Which, she claims, is precisely what she is. So she won a Whitbread Prize at the tender age of 26, for her first novel, the universally praised Saving Agnes. So she was then featured in Vogue, while breathless interviewers noted her "bluestocking glamour" and "trademark" bright red lipstick. So her life then became a whirl of literary festivals, competition-judging and book reviewing, while The Temporary simmered away. So she is still only 29, and has just completed her third novel, Country Life, which will appear early next year. But the glamorous prodigy, she says, is a chimera.
"I'm a girl, so no one could have talked to me about my ideas, what I've read, or what I think about anything, so that's the only route to go down," she observes (no sign of the "trademark" scarlet gob, her lipstick is beige, while her dress is loose, black and understated). "There are four newspaper articles a year about young, attractive women writers. They never discuss how good the books are. It's just this fact presented over and over, that a young, attractive woman has had a book published, 'ho ho, look what we've discovered'. I always get included even though I think I have a right not to be at this point. I've written three novels, I'm almost 30, forget it, that is over. Looks don't sell books. I could get a T-shirt made with that on it. It's just annoying."
Her career, she says, would have followed the same path if she'd looked like the back of a bus. "It wouldn't have affected the side of things I care about, which is prize-winning and bookselling. People like writers to be invisible, they don't want an intrusive personality looming too large. The writer is your secret friend, and you don't want to think about their gender or looks or age. That's why when books are liberated from their authors, when the authors die or get old and beyond that stage, they have an entirely different resonance."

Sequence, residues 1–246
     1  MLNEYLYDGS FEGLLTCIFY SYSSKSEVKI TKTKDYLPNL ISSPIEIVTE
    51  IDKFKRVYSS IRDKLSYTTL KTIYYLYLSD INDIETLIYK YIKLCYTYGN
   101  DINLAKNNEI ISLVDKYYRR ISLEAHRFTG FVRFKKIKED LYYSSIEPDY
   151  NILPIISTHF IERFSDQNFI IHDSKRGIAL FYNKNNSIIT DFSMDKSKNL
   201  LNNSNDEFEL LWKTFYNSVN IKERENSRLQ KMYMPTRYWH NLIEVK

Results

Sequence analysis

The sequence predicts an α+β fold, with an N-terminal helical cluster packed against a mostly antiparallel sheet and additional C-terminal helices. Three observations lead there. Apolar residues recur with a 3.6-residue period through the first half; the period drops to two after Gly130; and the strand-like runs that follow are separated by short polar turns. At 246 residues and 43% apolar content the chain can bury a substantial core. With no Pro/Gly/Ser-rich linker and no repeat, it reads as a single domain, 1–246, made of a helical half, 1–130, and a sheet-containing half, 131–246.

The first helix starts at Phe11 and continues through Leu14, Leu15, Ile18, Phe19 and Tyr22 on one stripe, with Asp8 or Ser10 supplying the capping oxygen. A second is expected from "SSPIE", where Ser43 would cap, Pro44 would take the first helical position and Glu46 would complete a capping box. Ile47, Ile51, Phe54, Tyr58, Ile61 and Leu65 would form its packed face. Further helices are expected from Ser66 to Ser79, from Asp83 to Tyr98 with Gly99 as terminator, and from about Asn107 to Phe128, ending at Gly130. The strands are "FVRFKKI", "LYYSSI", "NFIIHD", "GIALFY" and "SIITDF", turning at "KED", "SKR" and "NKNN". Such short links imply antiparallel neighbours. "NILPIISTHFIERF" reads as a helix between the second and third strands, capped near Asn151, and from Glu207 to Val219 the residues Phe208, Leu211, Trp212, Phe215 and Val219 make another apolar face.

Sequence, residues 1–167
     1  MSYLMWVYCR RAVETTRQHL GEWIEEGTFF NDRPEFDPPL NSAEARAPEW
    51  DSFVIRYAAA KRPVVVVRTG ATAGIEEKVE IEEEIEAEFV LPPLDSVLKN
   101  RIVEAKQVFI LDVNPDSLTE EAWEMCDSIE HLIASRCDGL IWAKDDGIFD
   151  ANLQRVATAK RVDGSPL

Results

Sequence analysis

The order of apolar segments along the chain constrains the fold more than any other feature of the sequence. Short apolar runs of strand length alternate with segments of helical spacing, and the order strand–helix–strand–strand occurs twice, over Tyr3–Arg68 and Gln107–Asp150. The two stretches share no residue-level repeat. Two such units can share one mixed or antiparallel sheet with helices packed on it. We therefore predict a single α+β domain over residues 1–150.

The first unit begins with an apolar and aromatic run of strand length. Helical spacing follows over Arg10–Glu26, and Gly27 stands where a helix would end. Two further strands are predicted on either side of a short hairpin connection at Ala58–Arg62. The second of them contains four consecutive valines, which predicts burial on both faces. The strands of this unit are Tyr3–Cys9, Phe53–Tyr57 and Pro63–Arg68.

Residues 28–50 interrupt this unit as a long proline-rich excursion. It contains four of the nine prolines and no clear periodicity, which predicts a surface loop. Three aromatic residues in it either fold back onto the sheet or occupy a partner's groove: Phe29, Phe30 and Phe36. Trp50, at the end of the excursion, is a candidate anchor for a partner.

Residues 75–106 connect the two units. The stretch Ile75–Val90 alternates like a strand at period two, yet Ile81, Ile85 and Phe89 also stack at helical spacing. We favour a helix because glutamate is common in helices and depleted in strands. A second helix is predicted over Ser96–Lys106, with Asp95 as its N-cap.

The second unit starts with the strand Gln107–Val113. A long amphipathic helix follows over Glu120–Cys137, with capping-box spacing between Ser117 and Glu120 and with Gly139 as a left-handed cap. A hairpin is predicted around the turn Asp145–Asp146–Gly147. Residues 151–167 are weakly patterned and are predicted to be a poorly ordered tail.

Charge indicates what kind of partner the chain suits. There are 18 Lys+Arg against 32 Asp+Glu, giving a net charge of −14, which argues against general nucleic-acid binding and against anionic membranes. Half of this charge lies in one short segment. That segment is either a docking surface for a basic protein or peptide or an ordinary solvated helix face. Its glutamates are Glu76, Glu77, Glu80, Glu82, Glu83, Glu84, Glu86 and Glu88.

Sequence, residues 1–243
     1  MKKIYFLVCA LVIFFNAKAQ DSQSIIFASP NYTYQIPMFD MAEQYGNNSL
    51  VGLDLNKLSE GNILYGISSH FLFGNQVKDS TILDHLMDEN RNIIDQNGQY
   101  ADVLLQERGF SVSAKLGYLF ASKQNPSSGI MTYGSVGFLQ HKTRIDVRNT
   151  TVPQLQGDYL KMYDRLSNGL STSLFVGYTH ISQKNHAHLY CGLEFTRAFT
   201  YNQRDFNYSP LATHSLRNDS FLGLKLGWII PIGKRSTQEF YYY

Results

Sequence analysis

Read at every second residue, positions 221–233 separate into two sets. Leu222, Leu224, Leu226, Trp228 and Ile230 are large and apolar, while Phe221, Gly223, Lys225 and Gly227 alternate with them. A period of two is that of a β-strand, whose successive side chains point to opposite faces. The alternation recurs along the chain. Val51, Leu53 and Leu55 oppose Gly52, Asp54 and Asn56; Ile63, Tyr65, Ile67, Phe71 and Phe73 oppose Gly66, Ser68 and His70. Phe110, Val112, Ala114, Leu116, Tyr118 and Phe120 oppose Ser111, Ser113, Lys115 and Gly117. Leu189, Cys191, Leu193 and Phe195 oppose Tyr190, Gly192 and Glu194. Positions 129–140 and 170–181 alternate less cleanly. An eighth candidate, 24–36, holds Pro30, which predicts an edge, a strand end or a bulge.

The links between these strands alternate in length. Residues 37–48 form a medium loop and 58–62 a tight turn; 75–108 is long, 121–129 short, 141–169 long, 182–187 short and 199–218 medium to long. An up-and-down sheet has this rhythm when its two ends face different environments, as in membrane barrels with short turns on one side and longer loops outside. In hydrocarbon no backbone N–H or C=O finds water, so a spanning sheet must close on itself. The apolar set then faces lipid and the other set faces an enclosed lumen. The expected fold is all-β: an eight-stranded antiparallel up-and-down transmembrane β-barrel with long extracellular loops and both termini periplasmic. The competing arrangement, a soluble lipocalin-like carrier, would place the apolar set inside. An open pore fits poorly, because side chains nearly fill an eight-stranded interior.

She hopes her own books will still be read in 100 years' time ("I always thought that youth thing was weird, because I knew I was here to stay"); though she now says that Saving Agnes, the story of a 23-year-old graduate's angst-ridden first job and failed love affair in a grim and hostile London, is "narcissistic". "But at least it's funny, because I think there's nothing worse than those incredibly solipsistic books, dripping with self-seriousness, that women excel at. Even though certain things about it are now embarrassing, I can still look at it and laugh at jokes that I'd forgotten. Humour is very important. I think of myself as a comic novelist."
The book is semi-autobiographical. Like the fictional Agnes, Rachel Cusk detested her boarding school ("I spent five years there, living for the day I could leave"), and, like Agnes, she went on to read English at Oxford. Unlike Agnes, she was born in Canada, and lived in Los Angeles until she was nine. Her abiding memory of that time is the Charles Manson murders "just down the road". The contrast when her family returned to the mean streets of Bury St Edmunds made her homesick. "Playground humour in England was much crueller. I hated English children, they were snotty little Fauntleroy types, much nastier than American children."